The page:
in The senses in early modern England, 1558–1660
De-scribing Imperial identity from alien to migrant
Peter Childs

discourse only as the West’s immaterial opposite. From the legacy of Huxley, Hesse and Isherwood, the British, from the Beatles to Iris Murdoch (for example, Bruno’s Dream, 1969), sought enlightenment in India just as many of their ancestors claimed to export it there. But to most British people, the sun had set on not just the Empire but the Commonwealth too. At the end of the decade, the editorial of a special sixtieth anniversary edition of The Round Table lamented that [the] fading of the vision of Empire-Commonwealth as an instrument of British world power has

in Across the margins
Open Access (free)
Simon Smith, Jackie Watson, and Amy Kenny

associated trap of linguistic identity’.17 The new availability of this canonical text in translation is significant for Anglophone cultural and literary studies. David Howes’s influential edited collection, Empire of the Senses: The Sensual Culture Reader, appeared some 20 years after the original composition in French of Serres’s seminal work. Howes can thus articulate the changed scholarly relationship since 1985 with both language and the body, resonating MUP_Smith_Printer.indd 8 02/04/2015 16:18 Introduction 9 powerfully with Serres’s aspirations in The Five

in The senses in early modern England, 1558–1660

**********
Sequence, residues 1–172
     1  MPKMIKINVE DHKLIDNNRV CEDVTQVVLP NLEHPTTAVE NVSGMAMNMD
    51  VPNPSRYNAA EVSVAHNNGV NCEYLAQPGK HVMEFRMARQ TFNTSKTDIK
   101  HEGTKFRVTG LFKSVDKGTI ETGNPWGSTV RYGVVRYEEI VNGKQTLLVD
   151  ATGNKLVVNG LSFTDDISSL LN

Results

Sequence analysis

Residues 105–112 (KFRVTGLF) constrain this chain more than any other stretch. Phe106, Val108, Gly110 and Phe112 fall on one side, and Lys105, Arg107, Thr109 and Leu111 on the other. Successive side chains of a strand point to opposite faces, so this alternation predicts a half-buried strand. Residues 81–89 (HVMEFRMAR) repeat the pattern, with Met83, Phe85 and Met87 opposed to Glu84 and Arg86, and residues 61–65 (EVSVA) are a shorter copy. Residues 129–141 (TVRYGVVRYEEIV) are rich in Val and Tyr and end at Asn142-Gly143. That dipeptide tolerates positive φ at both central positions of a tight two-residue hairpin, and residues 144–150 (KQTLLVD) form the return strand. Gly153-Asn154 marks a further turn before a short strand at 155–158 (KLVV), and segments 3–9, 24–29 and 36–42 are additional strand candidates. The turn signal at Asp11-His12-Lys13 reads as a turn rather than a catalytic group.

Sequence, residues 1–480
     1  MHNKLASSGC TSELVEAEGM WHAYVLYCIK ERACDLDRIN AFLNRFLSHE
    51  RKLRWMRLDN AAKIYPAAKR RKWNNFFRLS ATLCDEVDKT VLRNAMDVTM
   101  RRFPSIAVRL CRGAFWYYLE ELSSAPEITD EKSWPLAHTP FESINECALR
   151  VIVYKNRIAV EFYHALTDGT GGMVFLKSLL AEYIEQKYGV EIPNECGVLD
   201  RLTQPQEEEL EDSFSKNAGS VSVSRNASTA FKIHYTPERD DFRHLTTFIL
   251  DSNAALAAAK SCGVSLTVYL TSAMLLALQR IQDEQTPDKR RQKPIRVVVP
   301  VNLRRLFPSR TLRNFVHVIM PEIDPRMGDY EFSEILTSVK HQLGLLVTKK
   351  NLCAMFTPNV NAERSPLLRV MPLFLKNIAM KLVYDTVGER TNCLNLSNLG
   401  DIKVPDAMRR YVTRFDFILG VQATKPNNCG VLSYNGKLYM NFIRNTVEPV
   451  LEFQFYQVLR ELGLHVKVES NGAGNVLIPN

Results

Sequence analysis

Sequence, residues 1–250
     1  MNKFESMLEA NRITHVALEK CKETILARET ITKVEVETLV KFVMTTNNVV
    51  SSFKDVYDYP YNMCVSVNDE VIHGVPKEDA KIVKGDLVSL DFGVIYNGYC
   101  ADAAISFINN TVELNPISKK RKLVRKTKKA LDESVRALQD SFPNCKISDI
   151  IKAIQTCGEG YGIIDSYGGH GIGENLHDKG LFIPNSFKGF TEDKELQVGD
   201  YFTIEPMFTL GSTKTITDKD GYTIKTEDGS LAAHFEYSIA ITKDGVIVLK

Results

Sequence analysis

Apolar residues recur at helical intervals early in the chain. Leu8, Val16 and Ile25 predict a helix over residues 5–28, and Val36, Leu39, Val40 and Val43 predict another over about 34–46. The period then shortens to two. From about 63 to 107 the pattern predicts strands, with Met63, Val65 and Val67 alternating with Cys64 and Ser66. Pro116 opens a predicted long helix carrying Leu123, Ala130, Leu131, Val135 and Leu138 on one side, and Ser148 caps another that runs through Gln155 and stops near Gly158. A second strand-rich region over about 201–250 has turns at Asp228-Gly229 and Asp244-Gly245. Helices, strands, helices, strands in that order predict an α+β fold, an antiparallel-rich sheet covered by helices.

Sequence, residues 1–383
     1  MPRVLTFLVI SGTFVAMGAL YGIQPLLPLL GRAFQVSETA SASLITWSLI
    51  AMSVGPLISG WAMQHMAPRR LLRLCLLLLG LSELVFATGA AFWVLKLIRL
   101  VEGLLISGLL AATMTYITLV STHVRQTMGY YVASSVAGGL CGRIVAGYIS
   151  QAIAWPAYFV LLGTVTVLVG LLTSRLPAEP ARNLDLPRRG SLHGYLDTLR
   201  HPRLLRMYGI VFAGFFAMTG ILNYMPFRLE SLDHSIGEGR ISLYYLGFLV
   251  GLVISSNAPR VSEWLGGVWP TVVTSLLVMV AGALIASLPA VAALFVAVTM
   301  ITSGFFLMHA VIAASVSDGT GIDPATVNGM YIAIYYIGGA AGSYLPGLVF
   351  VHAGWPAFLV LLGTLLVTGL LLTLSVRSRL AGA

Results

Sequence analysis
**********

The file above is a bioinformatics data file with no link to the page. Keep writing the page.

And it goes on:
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Where postcolonialism is neo-orientalist – the cases of Sarojini Naidu and Arundhati Roy
Elleke Boehmer

:john:Public:John's Mac: John's Job Stories of women ways in which the west has always scrutinised and objectified the other, whether the east in the case of India, or the south more generally? Aren’t there elements of this criticism that create a profound sense of déja vu? Have Indian writers not been feted and exceptionalised in this way before, at the height of Empire, and feted in very similar terms? Expanding these questions, the neo-orientalist tendency I want to underline is a critical inclination to regard as more culturally alive, interestingly authentic and intensively

in Stories of women
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Actresses, charity work and the early twentieth-century theatre profession
Catherine Hindson

commercialised craft performances also found a home in Harrods, where lace-making, embroidery and hand weaving were ‘executed by pretty Irish colleens in their national costumes’, echoing the living displays of national cultures and empire that permeated London’s exhibition culture.6 The promotion of British products provided an overarching theme for a week of commercial activities driven by spectacle, performance, publicity and financial opportunity. Harrods’ charity Salon distinguished the store within London’s up-market consumer culture by offering a space in which shopping

in Stage women, 1900–50